New Glock, more sock: the 21SF put .45 ACP power in a frame that more shooters will find to their liking.
On April 11, 1986, FBI agents attempted to apprehend two armed bank robbers. When the dust had cleared, the robbers were dead, as were two agents, with five more injured. Based on the incident, the FBI would have no more to do with the 9mm and instead placed its confidence in the 10mm. Everyone scrambled to make a suitable pistol. Glock designers essentially scaled up the G- 17, and while they were at it they offered the same size pistol in two calibers: 10mm and .45 ACE Shooters were not entirely pleased because the larger pistols were too big for all but those with the largest hands.
The faith the FBI had in the 10mm was not well-founded, but not because the 10mm or the Glock was lacking. No, the problem was that FBI agents aren't gunmen, and asking them to qualify with the full-power 10mm was asking too much. By the time the FBI scaled back its power (originally, a 200-grain bullet at 1,200 fps) to a manageable level, the .40 S&W was born, and the race was on.
During the decades of the 1990s, no one--not even Glock--could make enough .40 caliber pistols to satisfy the demand. Glock focused on making .40 pistols for law enforcement and those carrying for defense and left the models G-20 (the 10mm) and the G-21 (the .45) to languish.
During that time, if you wanted a Glock in .45 and didn't have "strangler's hands" you could send your G-20 or G-21 off to Robar and have the frame whittled down--thereby voiding the gun's warranty. Through all that time Robar was kept busy because there are a number of shooters who don't want just a ".45 Lite" (as the .40 was termed by some back then); they want the real thing.
Glock recognized that, and once it had a chance to catch up in .40s it offered the .45 GAP as an alternative. Many were pleased. After all, the .45 GAP is a .45 caliber cartridge in a G17/22 frame. However, the armed forces were not among those pleased. In military circles, there is only one .45, and it's spelled ACE
During the on-again/off-again military trials to replace the current Beretta 9mm sidearm, military specs called for a solid, reliable .45 pistol. In an effort to make the cut for the trials, Glock had to make the changes it would have made in 1990 if the .40 S&W hadn't burst on the scene. I don't blame Glock for the delay; the company did what the market asked back then. But now people want .45s again, and this time Glock is ready.
At first glance, the 21SF (SF stands for Short Frame) is a bit odd. If you're used to seeing and handling a G-22, the 21SF looks a bit large, but not too much so. If you're used to shooting and handling a G-21, the 21SF looks like someone shrank it from too much heat in the dry cycle.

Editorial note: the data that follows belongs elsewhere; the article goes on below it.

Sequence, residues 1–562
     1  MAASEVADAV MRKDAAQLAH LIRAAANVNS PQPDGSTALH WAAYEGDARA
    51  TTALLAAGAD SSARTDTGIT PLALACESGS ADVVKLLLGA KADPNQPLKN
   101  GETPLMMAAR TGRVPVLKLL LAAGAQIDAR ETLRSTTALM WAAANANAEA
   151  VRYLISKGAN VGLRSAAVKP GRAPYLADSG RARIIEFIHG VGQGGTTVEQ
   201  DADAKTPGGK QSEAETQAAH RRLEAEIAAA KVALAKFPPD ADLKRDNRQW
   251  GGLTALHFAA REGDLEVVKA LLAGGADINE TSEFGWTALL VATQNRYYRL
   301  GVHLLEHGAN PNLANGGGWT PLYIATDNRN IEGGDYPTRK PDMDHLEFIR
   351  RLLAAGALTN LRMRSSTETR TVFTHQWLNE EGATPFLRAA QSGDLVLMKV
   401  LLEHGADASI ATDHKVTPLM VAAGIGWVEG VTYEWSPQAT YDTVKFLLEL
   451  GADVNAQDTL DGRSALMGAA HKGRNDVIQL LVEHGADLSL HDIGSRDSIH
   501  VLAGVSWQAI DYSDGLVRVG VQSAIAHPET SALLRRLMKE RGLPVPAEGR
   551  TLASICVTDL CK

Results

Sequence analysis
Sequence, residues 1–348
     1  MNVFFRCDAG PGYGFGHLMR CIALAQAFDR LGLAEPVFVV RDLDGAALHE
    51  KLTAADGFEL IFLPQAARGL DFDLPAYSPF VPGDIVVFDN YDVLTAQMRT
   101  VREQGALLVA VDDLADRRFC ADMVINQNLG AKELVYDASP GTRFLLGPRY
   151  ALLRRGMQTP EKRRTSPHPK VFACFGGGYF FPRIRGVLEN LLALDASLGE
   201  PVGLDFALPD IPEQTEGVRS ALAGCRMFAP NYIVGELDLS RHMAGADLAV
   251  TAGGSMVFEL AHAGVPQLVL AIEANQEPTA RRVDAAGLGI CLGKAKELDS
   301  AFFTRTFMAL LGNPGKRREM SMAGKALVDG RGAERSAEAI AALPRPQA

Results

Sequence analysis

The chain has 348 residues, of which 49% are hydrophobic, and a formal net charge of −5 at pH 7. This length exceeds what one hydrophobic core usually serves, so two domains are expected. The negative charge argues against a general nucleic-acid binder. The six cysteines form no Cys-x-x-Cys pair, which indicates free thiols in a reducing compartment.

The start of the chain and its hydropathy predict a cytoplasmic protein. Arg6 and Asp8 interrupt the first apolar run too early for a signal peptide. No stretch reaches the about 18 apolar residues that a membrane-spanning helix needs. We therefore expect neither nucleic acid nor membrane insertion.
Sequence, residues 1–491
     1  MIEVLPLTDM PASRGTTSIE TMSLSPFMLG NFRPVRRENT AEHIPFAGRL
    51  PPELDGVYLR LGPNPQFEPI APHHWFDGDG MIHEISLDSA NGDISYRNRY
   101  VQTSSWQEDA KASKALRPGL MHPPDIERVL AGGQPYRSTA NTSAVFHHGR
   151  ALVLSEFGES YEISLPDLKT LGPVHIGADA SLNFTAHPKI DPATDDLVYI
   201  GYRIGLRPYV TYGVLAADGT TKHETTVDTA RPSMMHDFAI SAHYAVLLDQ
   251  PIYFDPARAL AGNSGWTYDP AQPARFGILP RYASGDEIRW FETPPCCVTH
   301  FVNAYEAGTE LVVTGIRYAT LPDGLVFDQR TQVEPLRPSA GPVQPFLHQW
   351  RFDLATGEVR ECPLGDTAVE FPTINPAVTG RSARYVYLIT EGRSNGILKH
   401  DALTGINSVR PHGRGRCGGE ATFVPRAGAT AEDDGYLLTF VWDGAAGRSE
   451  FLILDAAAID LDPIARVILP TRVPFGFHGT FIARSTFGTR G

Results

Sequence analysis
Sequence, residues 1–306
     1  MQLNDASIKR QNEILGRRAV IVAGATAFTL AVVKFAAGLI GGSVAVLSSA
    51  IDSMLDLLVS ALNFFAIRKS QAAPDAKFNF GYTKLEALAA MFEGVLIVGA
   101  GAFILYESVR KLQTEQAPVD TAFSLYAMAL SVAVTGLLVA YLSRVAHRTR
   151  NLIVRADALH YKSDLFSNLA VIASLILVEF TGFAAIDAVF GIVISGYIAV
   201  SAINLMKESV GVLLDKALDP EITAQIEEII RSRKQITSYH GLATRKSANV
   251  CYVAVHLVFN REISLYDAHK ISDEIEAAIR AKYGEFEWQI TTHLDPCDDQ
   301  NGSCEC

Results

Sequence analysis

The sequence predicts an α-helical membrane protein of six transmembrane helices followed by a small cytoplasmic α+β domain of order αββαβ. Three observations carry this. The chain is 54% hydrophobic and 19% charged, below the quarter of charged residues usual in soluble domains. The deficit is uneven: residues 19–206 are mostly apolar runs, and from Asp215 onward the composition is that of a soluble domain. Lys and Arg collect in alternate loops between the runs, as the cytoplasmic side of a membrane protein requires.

At the SHOT Show back in February, I was practically dragged into the Glock booth by someone who exclaimed breathlessly "It feels like a G-22!"
It is close, real close, but it isn't a G-22. It is, however, a whole lot easier to wrap your hands around than a G-21. When gauging the size of any pistol, you should use your own hands as a reference point or scale. Grasp the pistol in question in your firing grip and notice how much your thumb overlaps your second finger, if at all.
For me, the reference point is a 1911 with standard grips. With that gun, I can get the tip of my thumb to the first knuckle of my finger. With a G-22, my thumb falls to the same spot, so for my hands the 1911 and the Glock 22 are the same diameter. The G-21SF is a bit larger, and the tip of my thumb comes a quarter-inch short of where it does with a 1911 or the G-22.
In effect, the 21SF is a 1911 with fat grips. The original G-21? It's all I can do to get my thumb to touch my finger. So the G-21SF is really close but not the same as the G22--which is great news because that "1911 with fat grips" holds 13 rounds instead of the seven or eight that a 1911 holds. So for the same size as a very slightly portly 1911 you get twice the ammo. What's not to like?
While they were at it, Glock engineers tended to other aspects of their design. The G-21SF has an ambidextrous magazine release-not just one that can be switched but one that works from either side. To get that, they had to change the magazines.
The new 21SF magazines have a new locking slot, on the front of the tube. The buttons pivot the latch out of that slot. The tubes also have the old-style locking slot, so they will work on the many G-21 pistols out there, but the old magazines won't work in the new 21SE When I mentioned that to one of my test-fire crew his reply was classic: "Yeah, like Glock magazines are so expensive it will break the bank to buy new ones."
My G-21SF came with three magazines. Guns sold to law enforcement will come with three mags, and commercially sold guns will come with two.
Another change is a Picatinny-spec rail on the frame. Unlike the previous rail, the new rail meets all the dimensional standards for mil-spec attachments. Not that the older rails won't, but this one is a full-on Picatinny rail, so you needn't worry.
Interestingly, I have some early Glock promotional material for the 21SF that shows the pre-production prototypes or photo samples using the earlier Glock raft.